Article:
It seems that, in an age of heightened travel concern, everyone knows someone or has their own story of an airport security nightmare, whether from an overzealous TSA agent or an innocently misplaced bottle of mouthwash. In general, increasingly stringent security policies have removed a bit of the sheen that once characterized the world of air travel. “Traveling today is certainly no glamour gig. It’s a lot of work,” said Susan Delloiacono, CCE. However, she added, braving the crying babies, metal detectors and parking fees may be just the trick for credit professionals looking to enhance their relationship with a customer and, in the end, generate a solid, tangible benefit in the form of quicker customer payment.
Delloiacono, a long-time credit professional and expert on customer visits, recently delivered an NACM-sponsored teleconference, entitled “Customer Visits: Credit’s Role,” where she outlined the many benefits of visiting a potential or existing customer. “This is the best weapon in your credit arsenal when you think about knowing your customer, having them know you,” she said. “You become a human to them. And you become accessible. When there’s a problem, you get the first phone call.” In addition to bringing credit departments and their customers closer together, Delloiacono argued that customer visits can also bring other company departments in on credit’s mission as a sales generator and customer service organization. “Our purpose is to develop a win-win customer service strategy that really looks beyond just the credit department,” she said. “Early in my career I thought the world revolved around the credit department, and clearly, as we grow, we realize that although all roads go through credit, we need to understand other members of our company, other members of our team and their touch-points with the customer.”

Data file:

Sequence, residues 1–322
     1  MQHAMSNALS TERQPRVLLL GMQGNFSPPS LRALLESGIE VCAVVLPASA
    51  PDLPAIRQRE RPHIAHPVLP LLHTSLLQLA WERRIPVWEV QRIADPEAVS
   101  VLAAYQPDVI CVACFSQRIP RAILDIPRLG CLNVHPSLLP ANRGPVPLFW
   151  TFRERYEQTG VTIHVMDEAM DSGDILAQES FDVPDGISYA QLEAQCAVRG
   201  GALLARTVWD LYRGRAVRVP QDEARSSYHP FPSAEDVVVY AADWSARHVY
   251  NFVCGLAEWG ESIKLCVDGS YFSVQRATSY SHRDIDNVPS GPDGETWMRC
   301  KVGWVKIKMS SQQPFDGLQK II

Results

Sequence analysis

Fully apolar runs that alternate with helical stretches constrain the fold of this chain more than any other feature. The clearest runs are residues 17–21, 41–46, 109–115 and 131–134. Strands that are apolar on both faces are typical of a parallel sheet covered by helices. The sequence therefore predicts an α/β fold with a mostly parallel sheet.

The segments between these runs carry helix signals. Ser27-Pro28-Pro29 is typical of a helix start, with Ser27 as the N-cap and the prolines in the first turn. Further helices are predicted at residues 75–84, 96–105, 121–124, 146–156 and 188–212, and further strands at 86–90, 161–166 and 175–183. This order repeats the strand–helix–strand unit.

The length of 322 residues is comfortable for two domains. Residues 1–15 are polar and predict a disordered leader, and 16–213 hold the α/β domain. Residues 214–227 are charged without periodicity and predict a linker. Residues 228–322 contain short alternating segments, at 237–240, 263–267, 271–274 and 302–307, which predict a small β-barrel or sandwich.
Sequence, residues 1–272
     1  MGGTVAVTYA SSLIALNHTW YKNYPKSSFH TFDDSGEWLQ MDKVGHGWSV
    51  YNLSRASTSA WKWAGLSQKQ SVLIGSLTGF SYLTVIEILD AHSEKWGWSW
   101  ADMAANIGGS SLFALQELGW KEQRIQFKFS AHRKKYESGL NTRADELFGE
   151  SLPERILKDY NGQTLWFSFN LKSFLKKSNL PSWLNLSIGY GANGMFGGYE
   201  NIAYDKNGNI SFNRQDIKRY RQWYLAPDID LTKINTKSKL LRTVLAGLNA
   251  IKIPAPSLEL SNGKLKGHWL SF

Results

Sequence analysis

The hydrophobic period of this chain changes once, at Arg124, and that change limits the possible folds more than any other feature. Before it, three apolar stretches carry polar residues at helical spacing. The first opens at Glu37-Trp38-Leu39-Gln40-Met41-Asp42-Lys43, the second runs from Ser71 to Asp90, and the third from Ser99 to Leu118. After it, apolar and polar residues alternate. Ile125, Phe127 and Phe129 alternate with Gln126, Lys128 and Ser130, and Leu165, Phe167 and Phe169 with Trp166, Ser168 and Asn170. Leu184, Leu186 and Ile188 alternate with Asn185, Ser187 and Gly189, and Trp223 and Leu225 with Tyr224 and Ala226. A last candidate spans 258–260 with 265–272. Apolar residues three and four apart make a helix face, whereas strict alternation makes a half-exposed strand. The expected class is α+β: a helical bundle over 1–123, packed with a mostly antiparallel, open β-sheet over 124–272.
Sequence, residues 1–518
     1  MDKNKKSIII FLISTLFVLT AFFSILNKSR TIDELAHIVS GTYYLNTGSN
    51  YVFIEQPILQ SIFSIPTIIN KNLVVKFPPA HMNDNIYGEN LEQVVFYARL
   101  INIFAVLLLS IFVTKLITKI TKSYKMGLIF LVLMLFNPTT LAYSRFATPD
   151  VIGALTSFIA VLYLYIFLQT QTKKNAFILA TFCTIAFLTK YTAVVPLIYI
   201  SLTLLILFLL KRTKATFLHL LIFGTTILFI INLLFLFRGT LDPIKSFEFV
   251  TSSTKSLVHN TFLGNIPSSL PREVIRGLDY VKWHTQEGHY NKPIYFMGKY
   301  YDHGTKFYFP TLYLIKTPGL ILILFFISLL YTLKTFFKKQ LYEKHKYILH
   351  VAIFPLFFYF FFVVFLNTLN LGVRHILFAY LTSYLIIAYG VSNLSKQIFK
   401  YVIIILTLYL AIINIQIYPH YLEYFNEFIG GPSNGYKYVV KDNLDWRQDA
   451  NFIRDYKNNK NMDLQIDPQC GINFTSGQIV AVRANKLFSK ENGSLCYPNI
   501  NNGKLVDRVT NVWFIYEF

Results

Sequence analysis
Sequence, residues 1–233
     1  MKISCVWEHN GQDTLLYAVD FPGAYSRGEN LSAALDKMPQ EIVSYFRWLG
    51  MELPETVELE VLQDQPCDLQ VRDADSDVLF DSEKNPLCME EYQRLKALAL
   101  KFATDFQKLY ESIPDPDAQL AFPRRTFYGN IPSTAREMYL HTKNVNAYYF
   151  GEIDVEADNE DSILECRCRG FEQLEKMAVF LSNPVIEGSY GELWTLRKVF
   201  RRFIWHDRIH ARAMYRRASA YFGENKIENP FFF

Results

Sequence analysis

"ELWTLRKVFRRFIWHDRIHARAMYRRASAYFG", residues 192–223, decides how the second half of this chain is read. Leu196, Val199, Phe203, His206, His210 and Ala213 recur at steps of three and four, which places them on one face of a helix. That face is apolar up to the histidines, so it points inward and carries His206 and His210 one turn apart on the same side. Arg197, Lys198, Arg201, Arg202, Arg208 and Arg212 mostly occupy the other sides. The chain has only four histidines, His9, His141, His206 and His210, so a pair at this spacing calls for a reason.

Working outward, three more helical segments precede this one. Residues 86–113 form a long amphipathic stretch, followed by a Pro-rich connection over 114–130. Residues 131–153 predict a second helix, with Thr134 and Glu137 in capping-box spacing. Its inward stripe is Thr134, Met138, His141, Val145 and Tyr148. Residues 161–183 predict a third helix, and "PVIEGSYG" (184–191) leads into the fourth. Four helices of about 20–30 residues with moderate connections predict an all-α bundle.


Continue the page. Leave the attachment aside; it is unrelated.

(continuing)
“When you go to visit a customer, it not only brings you closer to them, it also brings you much closer to your sales organization,” she added. “You really adopt that team approach.”
As with any well-considered business venture, Delloiacono noted that proper planning for a customer visit is essential and offered tips about what to prepare for when visiting a buyer. She also outlined the different considerations that need to be made depending on the type of customer visit, whether it’s at your office, theirs or in a neutral territory like a trade show or whether it’s a pre-sales customer visit, a maintenance visit, or a problem solving visit.
For more information on NACM’s teleconference series, or to register, click here. Also, this month’s NACM Online Monthly Survey deals with the value of customer visits. To participate, visitwww.nacm.org.
Jacob Barron, NACM staff writer